Asthma and exercise: How can I start exercising?

What is asthma?

Asthma is a medical condition which affects the bronchial tubes (airways) via inflammation and obstruction. During an exacerbation, the thin layer of muscle on the walls of the bronchial tubes contract causing them to become inflamed, making it harder for air and mucus to pass through. The symptoms to look out for when experiencing an exacerbation of asthma are:

  • Wheezing
  • Coughing
  • Short of breath
  • Fast or irregular breathing
  • Chest tightness

Some risk factors which may flare up certain people’s asthma are some of the following:

  • Cold air / hot air
  • Exercise
  • Air pollution
  • Dust

Due to these certain risk factors, people with asthma may flare up which causes the airways to become narrow making it difficult for them to breath. A person with asthma may describe a flare up as breathing through a straw or someone sitting on their chest.

There is no cure for asthma so this is to be controlled via medicines such as inhalers, regular medical check-ups with GP’s, and controlled exercise.

Times have changed how we manage asthma compared to years ago. A few years ago, you could have been told to rest and not move your body excessively. However, in more recent years, research shows that exercise is very beneficial for improving lung function, increase quality of life, decreases the number of exacerbations, and decreases airway inflammation.

Recommended duration and frequency of exercise

It is recommended for people with asthma to engage in exercise to help with improving their health and fitness. There are even some famous athletes who are able to excel in their sport while managing the health condition of asthma. (For example, English former football player David Beckam was able to dominate his sport while dealing with asthma). However, elite athletes who have asthma will require additional care and management from their medical team due to their chronic exposure to high intensity activity.

The recommendation of the amount of exercise volume per week would vary from person to person depending on multiple factors. Exercise and Sport Science Australia has provided the below recommendation as an outline for exercise targets to reach for long-term health benefits:

It is suggested that exercise should start off at a low intensity and then gradually increase to moderate -high as fitness levels improve over time.

It is recommended for exercise to last between 20-60 minutes. Initially starting at 20 minutes, while slowly building up to 60 minutes. This should be done approximately 3-5 times a week to gain long term benefits. You will gain greater improvement with increased frequency throughout the week. Some great examples of cardio exercises include: swimming (non-chlorinated is recommended), jogging and cycling.

Some pointers to reduce exacerbations during exercise include:

  • Follow your “Asthma Action Plan” as set out by your GP
  • Participating in a pre-exercise warm up (example: light walk or jog)
  • Taking your pre-exercise medication
  • Having your reliever medication with you during exercise in case an exacerbation occurs.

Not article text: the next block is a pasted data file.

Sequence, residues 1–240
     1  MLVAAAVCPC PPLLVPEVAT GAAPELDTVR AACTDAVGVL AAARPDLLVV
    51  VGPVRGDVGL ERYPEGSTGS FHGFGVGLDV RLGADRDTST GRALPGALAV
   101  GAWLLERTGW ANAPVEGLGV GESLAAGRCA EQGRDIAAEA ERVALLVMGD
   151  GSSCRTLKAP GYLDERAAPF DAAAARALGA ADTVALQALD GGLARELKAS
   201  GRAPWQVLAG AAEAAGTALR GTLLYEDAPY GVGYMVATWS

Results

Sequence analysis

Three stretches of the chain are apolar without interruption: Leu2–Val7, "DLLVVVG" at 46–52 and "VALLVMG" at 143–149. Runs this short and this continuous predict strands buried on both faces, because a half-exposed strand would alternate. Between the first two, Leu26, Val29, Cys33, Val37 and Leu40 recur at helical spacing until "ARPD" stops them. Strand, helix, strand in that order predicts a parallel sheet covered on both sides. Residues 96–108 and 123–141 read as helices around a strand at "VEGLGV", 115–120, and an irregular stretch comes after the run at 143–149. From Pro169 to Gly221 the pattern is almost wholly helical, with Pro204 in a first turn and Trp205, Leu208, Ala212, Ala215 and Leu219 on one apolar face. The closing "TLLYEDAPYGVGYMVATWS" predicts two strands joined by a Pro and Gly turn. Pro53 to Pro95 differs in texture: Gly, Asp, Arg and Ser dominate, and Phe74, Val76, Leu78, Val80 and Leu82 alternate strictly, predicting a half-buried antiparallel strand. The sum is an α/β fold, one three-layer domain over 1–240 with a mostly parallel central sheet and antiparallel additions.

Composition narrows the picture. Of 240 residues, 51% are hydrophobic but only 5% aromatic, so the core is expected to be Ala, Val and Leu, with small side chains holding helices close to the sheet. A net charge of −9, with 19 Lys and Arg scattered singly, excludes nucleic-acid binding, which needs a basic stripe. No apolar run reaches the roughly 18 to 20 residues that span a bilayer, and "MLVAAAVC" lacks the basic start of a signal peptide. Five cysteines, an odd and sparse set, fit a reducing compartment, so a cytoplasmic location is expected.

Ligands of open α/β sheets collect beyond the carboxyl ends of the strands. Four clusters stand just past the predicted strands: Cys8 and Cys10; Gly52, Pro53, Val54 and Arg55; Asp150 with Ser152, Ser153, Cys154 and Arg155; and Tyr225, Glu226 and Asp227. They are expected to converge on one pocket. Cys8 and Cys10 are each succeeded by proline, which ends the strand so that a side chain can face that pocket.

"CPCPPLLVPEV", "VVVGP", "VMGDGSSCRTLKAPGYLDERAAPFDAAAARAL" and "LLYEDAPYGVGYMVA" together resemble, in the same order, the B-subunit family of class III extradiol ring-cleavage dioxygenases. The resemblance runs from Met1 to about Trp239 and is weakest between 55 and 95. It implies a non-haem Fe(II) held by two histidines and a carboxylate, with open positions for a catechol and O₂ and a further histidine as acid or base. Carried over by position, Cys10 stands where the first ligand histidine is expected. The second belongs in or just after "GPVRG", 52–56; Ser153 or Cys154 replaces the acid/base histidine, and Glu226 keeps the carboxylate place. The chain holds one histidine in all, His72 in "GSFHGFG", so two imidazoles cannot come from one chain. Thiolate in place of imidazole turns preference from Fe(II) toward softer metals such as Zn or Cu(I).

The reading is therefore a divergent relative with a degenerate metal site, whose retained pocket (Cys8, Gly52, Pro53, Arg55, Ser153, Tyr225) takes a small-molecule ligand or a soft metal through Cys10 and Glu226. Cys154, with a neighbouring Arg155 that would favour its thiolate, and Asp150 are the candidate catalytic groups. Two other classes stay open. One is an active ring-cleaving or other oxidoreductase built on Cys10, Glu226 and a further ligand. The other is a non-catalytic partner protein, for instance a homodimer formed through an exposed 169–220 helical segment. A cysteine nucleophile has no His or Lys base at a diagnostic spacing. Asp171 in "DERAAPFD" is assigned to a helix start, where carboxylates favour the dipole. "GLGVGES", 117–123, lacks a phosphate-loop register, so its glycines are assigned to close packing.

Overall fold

• Reducing exposure to unfavourable environmental conditions (i.e. very cold climates)

What are some simple home exercises that I could be doing if I have asthma?

  • Diaphragmatic breathing
  • Lie down on the floor and get yourself comfortable.
  • Place one hand on your chest and one hand on your stomach.
  • Inhale through your nose for approximately 4 seconds, expanding your stomach.
  • Hold your breath for approximately 2 seconds.
  • Exhale through your mouth with pursed lips for approximately 6 seconds.
  • Repeat this 4-6 times.

Breathing exercises have been show in research to improve quality of life, lung function and assist when someone is hyperventilating.

  • Sit to stand

This increases strengthen in the lower limbs, balance, proprioception and cardiovascular fitness. The research shows this is a reliable outcome measure for pulmonary rehabilitation and can be used as a good strengthening exercise as well.

  • Cobra yoga pose

This exercise helps strengthen the back, open up the chest and encourages deep breathing.

  • Walking tolerance

Start off taking a 5-10 minute walk, and slowly build up increase tolerance throughout a number of weeks. This could progress to a walk-jog protocol for additional health benefits.

This will allow your aerobic fitness levels to increase at a safe and steady pace.

If you are living with asthma and you are unsure on how to start a training program that is related to your fitness goals, feel free to speak with one of our physiotherapists or exercise physiologists to get the support that you need.


Mims,J. (2015) Asthma: definitions and pathophysiology. International forum of allergy and rhinology. 5. PP 1923-3783.

Santino, T et al. (2020) Breathing exercises for adults with asthma. The cochrane database of systematic reviews. 25. 3(3) PP 1277.

Burner et al. (2022) Exercised induced asthma. StatPearls.,people%20with%20asthma%20and%20EIB.

Morton, A. et al. (2011) Australian Association for Exercise and Sports Science position statement on exercise and asthma. Journal of science and medicine in sport. 14, PP: 312-316

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